Chang Zheng 5B launches Wentian Laboratory Module

by Adrian Beil

China has launched the Wentian Laboratory Cabin Module on Sunday, July 24 at 06:22 UTC out of the Wenchang Space Launch Site in China. The module is one of two planned for launch this year to China’s Tiangong space station, with the second being the Mengtian module which is slated to launch in October.

Both modules will launch on China’s most powerful rocket currently available, the Chang Zheng 5B (CZ-5B), and will target the low Earth orbit (LEO) of the Tiangong space station, which is in a 390 km altitude, 41.58° inclination orbit. Both will dock to the Tianhe core module of the station, which was launched in April 2021.

The Module

Wentian (“Quest for the Heavens”) is a laboratory cabin module (LCM), and one of the three major modules of the Chinese Space Station. It will not only provide science space for the station, but also additional navigation capabilities, avionics, propulsion, and orientation control.

The module is 17.9 meters long with a diameter of 4.2 meters. It is about 22 tons in mass and contains pressurized space.

It will host multiple scientific research facilities including a Life and Ecology Rack, a Biotechnology Rack, an Advanced Aerospace Technology Rack, a Cryogenic Storage Rack, and a facility to study varying gravity. It also includes more payload racks for future, planned science instruments.

Wentian also has the capability to host science experiments outside of the module to study different influences on different kinds of probes, including cosmic ray, space environment, and solar wind research.

On the side of the module, two 30-meter-long solar arrays will be used to power the station and module. The exact capabilities of the two solar panels are unknown, as are details of the Wentian module.

What is known is that the module will have an airlock system, which will aid the station for future spacewalks. It also includes a second mechanical arm and additional crew cabins to support more people living on the station.

The module will initially dock with the axial port of the Tianhe core module of the station. After that, the station’s robotic arm will move the module to the desired radial port.

This is necessary as China opted to simplify some of the Tianhe module’s docking posts. This resulted in the ports for Wentian and Mengtian not having any active docking systems. This type of process was used previously with Russia’s MIR space station.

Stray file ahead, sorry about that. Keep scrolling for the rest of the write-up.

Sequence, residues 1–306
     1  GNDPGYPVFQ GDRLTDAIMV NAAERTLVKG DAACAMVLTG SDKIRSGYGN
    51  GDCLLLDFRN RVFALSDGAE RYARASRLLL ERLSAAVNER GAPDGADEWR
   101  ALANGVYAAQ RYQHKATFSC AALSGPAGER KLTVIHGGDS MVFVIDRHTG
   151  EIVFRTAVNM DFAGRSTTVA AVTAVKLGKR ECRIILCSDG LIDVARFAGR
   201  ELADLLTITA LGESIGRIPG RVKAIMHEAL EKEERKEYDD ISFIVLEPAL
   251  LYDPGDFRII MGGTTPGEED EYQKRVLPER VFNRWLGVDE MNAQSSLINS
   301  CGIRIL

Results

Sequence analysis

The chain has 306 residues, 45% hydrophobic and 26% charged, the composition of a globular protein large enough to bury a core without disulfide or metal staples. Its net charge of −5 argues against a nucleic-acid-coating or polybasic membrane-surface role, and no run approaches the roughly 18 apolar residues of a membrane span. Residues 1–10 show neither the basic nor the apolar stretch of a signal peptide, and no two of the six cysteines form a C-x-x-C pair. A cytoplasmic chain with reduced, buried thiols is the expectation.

The station

The Tiangong space station started in April 2021 with the launch of the Tianhe core module (“Harmony of the Heavens”). After final assembly, the station is planned to have a mass of 100 tons, which equals about 20% of the International Space Station with its mass of roughly 440 tons.

Tiangong has a planned lifetime of at least 10 years, with possible extensions after that. It will be companied by the Chinese Survey Space Telescope (CSST) which is planned to launch in 2023. This telescope will operate in proximity to the Tiangong station and periodically dock to it for inspection and maintenance.

The Chinese space station. (Credit: China Manned Space)

The telescope will be equipped with a 2-meter diameter primary mirror and is planned to be able to see 40 percent of the sky with its 2.5 gigapixel camera.

The 15.5-ton heavy telescope is currently planned to launch on the same type of rocket as all three modules of the station, the CZ-5B.

The Crew

The Shenzhou 14 mission, which docked to the space station in June 2022, will be the crew that is supporting the installation of both science modules for the station.

Commander Chen Dong, Operator Liu Yang, and System Operator Cai Xuzhe will install both modules before they will be replaced by the Shenzhou 15 mission later this year.

This mission marks the beginning of a constant presence of Chinese people on the Chinese Space Station, with the first official crew handover planned for later this year.

The crew of Shenzhou 14. (Credit: CNSA)

The Rocket

The module arrived at the launch site earlier this year in preparation for integration, fueling, and final checks.

Before the launch, operators rolled out the rocket earlier this week with the fully encapsulated Wentian on top.

On July 22, a dress rehearsal was conducted by the Beijing Aerospace Flight Control Center before clearing the module for launch.